In a letter to Corinthian Christians, Paul spoke about the meaning of the Christian's ransom from evil's slavery (1 Corinthians 6:19,20; 7:21-23). When the Christian accepts the ransom, his or her body becomes the Holy Spirit's temple. The Holy Spirit lives in the Christian. God places him there. The Christian no longer belongs to self. God bought the Christian by paying his or her price of release from evil's slavery. Because (1) God paid the price and (2) Christians are ransomed from evil, the purpose for the Christian's body totally changes. The ransomed Christian now uses his or her body to honor (glorify) God. Note again the emphasis on the price.

God regards the actual physical circumstances of a person's life [at the moment he or she accepts ransom paid by Jesus] as insignificant. God did not care if the Corinthian was a slave or freeman. Accepting the Lord's ransom gave a slave a new form of freedom. The same acceptance made the freeman the Lord's slave. When one becomes a Christian, he becomes God's slave. God frees him from evil's slavery. God paid the ransom required for freedom to exist. The Christian's responsibility is to serve God as God's slave. Note again the emphasis on the price.

The person writing Hebrews combined Jesus Christ, the role of the high priest, sacrifice, and the payment of a ransom price that is eternal. In Hebrews 9:11, 12 Jesus Christ is presented as the Christian's high priest. A Jewish high priest served as mediator between the pure God and sinful people. However, Jesus Christ was quite different from a Jewish high priest. The Jewish high priesthood began by a high priest serving in a physical sacred tent [the tabernacle]. Jesus served as high priest in the eternal sacred tent [God's sanctuary in heaven]. A Jewish high priest took animal blood in the physical sacred tent to mediate before God (see Leviticus 16). Not only did he use animal blood, but the necessary process was repeated on an annual basis. Jesus took his own blood as a sacrifice into the eternal sacred tent. He did so only once. One sacrifice of Jesus' blood paid the price (made the ransom) and solved the problem. His blood produced eternal redemption. All have access to Jesus' blood. Those who accept his blood obtain eternal redemption.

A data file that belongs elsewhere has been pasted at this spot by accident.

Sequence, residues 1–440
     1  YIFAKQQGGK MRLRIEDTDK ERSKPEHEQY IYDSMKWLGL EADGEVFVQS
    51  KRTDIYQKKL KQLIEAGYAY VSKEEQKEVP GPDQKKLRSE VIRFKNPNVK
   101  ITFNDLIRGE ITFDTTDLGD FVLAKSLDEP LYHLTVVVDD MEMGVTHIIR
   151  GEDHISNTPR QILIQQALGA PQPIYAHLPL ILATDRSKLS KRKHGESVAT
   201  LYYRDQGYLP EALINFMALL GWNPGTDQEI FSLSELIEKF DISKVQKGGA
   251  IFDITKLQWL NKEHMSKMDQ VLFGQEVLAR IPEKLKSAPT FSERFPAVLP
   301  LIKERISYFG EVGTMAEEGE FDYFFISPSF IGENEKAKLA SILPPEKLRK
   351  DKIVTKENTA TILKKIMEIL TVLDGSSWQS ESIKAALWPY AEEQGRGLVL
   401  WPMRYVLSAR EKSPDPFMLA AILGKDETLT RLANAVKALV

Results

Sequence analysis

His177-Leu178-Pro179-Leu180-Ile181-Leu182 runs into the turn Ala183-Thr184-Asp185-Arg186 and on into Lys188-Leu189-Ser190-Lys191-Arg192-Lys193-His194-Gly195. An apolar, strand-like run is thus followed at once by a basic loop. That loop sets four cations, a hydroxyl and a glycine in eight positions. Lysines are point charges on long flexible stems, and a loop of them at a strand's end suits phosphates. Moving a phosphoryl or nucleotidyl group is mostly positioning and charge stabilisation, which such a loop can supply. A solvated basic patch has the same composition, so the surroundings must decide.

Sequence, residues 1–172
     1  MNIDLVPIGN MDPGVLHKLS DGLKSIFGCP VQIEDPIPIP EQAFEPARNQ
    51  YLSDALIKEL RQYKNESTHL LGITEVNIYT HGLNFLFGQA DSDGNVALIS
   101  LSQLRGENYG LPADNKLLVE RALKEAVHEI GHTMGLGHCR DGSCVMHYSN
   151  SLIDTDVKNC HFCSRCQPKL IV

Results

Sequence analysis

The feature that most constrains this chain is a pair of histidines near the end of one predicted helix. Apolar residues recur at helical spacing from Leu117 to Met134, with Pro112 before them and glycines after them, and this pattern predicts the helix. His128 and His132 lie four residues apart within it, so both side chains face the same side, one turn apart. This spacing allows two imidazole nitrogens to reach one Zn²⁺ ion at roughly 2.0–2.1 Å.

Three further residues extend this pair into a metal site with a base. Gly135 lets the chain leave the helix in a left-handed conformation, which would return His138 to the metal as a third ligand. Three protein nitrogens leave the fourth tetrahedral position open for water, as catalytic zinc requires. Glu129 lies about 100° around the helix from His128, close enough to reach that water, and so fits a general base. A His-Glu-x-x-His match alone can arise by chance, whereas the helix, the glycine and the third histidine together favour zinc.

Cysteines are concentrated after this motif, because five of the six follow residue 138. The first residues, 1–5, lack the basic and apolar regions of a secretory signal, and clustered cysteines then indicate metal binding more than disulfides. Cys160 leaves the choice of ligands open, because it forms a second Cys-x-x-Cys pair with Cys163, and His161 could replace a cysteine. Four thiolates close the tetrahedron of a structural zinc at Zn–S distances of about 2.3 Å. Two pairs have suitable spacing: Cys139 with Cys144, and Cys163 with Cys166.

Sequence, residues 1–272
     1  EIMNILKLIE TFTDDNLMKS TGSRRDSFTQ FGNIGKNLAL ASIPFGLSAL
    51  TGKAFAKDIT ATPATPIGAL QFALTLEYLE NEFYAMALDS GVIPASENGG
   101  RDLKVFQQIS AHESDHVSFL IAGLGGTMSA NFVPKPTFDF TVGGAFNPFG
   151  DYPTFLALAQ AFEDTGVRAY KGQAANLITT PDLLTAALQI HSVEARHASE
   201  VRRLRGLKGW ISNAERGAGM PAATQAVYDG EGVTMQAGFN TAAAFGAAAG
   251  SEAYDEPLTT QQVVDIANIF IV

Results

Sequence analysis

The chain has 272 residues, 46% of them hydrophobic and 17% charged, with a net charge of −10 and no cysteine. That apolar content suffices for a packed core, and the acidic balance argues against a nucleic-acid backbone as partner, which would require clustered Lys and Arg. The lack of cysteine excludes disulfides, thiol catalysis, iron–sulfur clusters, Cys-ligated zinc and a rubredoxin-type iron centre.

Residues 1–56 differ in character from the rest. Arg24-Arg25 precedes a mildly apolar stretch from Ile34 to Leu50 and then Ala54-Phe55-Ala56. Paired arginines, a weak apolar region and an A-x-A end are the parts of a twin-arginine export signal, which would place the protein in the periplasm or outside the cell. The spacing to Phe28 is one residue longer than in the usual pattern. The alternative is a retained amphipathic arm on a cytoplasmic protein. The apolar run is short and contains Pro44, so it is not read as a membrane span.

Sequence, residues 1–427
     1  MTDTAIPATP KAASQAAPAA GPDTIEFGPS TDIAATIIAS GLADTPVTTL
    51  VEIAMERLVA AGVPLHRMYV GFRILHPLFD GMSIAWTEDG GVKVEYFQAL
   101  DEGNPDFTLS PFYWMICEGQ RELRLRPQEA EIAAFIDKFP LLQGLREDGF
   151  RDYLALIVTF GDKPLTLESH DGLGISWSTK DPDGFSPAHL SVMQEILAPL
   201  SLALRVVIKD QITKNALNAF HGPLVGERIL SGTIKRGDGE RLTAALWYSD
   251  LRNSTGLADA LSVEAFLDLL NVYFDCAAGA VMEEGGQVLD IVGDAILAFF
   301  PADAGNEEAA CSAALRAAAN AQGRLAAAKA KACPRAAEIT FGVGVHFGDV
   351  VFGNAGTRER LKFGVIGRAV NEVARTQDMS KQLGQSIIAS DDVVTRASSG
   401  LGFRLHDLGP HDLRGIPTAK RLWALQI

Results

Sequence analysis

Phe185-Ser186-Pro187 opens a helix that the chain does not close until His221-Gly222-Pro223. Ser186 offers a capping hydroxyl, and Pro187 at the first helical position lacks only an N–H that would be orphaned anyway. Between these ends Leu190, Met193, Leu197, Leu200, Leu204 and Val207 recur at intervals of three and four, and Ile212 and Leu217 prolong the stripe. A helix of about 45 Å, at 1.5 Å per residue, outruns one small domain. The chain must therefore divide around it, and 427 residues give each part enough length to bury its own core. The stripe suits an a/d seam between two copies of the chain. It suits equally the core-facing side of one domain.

Questions to think about and discuss:

  1. Explain the origin of the concept of redemption. [Remember first century people understood the concept because the need existed every day.]

  2. What is the connection between slavery, redemption, and Christian existence?

  3. How should an understanding of this connection affect today's Christian's concept of Christian existence in today's world?

  4. In your understanding, what is the central point(s) of Titus 2:11-14.

  5. In your understanding, what is the central point(s) of Ephesians 1:7,8.

  6. In your understanding, what is the central point(s) of 1 Corinthians 6:19, 20?

  7. In your understanding, what is the central point(s) of 1 Corinthians 7:21-23?

  8. According to your understanding, explain the message of Hebrews 9:11,12.

  9. How do you think an awareness of redemption should affect our thinking and our life styles?

Link to Teacher's Guide Lesson 3

Copyright © 2002
David Chadwell & West-Ark Church of Christ